Here we go:
So I replayed the Duelists, this time as the UK.
I tried to put into practice all I have read above, and I did have some small measure of success (relatively speaking).
This time with only two subs, I sent them both forward aiming to roughly bracket the suspected position of the soviet SAG, the one with longer ranged sonar at the layer, 5 knts, the other at max depth, 10kts.
Air and sea surveillance is fairly good in this scenario, so once you spot the soviet SAG and its abundance of Helos, you keep your subs away from it and use them for anti-sub hunting.
I suppose 10kts is way too fast or I went under an enemy passive sonobuoy field - though I didn't observe any helos that far out, I could have missed one - because after a few hours, the sub at max depth and 10 kts started to get engaged with those rocket-boosted ASROC-analog type missiles from approx 20ish nm, without picking up the contact (nor the launch - the vampires were spotted by air surveillance).
I managed to dodge three or four of them by going to flank and "beaming" the shot, heading 90degrees to the axis of attack, then the torp would land a couple of miles away and eithe not detect me or I could outrun it if it did.
This is obviously makes me very visible and inevitably one of them landed too close and I died. Its possible I was being engaged by two subs (never caught the attacker(s) on sensors).
My other sub headed in more quietly, never going faster than 5kts, and I varied his depth every hour or so. He never picked up any contact throughout the whole scenario.
Even when I got a brief sonobuoy contact on a goblin about halfway through, that was well within the subs long range sonar (I know its not garunteed to detect, but though I was putting myself in the position to detect, it never happened).
Passive sonobuoys dropped by my Nimrods in high concentration around the area, above and below the laer, failed to resolve the contact and after a few hours it was lost.
Eventually the contact was picked up by another buoy and, again eventually, was killed by Nimrods.
So Im not bringing much pain with my subs, but some progress...I also saw some other issues:
What with the Nimrods being land based, they can only spend a few hours on station. Saturating the area with large buoy fields is all well and good, but when one aircraft goes off-station and another arrives, the new aircraft does not display datalinks to the buoys dropped previously.
Is this designed behavior? Would an aircraft not be able to pick up the feed from buoys dropped by another aircraft?
What you are left with is a vast clutter of buoys everywhere not doing anything, and any field of buoys that you lay is only "watched" for a comparatively short time - a very short time in the submariners book.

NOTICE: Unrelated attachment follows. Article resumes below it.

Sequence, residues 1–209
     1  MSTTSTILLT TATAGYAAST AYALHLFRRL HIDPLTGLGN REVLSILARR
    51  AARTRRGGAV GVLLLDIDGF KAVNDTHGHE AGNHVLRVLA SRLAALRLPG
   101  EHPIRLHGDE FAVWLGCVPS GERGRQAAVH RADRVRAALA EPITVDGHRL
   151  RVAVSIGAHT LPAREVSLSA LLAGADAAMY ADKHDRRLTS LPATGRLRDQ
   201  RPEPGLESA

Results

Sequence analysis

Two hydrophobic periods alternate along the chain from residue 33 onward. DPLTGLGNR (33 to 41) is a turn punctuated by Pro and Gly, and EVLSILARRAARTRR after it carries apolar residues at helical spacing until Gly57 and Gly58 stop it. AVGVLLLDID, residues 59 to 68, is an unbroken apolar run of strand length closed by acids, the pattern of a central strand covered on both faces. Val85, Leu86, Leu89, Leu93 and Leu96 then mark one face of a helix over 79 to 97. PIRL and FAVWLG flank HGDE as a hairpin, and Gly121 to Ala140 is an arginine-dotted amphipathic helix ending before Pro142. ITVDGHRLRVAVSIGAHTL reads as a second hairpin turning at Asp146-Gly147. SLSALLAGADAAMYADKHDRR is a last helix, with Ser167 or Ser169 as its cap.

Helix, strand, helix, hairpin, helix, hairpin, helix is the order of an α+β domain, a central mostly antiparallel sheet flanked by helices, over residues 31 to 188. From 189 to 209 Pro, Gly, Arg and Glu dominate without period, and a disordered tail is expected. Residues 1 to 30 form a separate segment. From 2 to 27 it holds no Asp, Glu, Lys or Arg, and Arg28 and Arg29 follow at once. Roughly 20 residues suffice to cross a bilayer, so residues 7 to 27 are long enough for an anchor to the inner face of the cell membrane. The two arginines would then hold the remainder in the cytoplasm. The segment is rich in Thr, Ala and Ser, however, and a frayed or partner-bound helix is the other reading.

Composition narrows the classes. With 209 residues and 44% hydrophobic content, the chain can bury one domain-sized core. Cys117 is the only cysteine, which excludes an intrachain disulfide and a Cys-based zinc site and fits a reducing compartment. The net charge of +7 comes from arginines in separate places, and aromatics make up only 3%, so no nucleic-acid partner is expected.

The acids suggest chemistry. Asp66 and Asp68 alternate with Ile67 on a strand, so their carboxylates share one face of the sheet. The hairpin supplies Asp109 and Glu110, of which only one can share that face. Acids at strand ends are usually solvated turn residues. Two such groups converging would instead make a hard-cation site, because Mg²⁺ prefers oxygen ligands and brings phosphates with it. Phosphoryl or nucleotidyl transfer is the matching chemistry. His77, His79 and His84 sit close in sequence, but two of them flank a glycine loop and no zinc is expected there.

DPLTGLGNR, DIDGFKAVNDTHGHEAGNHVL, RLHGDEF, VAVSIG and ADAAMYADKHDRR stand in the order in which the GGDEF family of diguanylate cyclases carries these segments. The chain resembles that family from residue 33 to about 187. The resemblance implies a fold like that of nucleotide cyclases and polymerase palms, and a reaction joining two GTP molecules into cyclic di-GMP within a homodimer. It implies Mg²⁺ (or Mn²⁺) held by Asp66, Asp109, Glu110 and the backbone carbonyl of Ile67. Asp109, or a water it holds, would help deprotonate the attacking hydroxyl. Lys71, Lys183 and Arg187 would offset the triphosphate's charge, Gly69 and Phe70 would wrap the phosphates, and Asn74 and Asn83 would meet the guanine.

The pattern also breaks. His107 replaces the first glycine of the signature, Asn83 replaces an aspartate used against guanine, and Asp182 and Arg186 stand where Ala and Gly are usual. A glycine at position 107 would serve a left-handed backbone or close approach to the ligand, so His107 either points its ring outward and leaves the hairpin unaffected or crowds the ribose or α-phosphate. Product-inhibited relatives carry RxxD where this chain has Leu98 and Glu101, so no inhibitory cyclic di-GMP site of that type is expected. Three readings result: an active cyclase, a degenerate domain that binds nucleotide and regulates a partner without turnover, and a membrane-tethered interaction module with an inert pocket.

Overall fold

Then, when the goblin contact was finally reacquired, the Nimrod on station went to engage - and after a while of him flying over the sub without dropping (see other threads for that problem) - I attempted manual BOL drops (which fired straightaway). The BOL torps sailed, at shallow depth, straight over the soviet sub (who ws at depth) without noticing him.
Again, is it designed behavior, or could there be any utility in being able to set a depth/height for BOLs (or even other types of attack)?
So in conclusion, I am still finding subs very hard, both to hunt with and to evade, and from my perspective, it seems as though the enemy has an advantage, though I am quite sure it is more likely to be my competence/experience at fault.
I dont have access right now, but if anyone wants a save midway through the above, I can do that.
Did you think submarine combat is supposed to be easy?
No simulation is going to give exactly the same resulst as RL without actually climbing into a submarine. The best you can hope for, rather than expecting every encounter to match the real world, is statistical accuracy. That is, that say, 80 out of 100 encounters have similar results to what you might expect IRL. At the individual unit level, the inaccuracies and assumptions made by the simulation will always be more obvious, the more units that are involved (basically just means, more variables and more calculations) the more that the pessimistic and optimistic results tend to even things out, making the scenario result more realistic, even if individual unit actions may not always be.
Making simulations more realistic almost always involves an increase in the necessary computing power, and you know how smoothly CMANO runs when there is alot going on!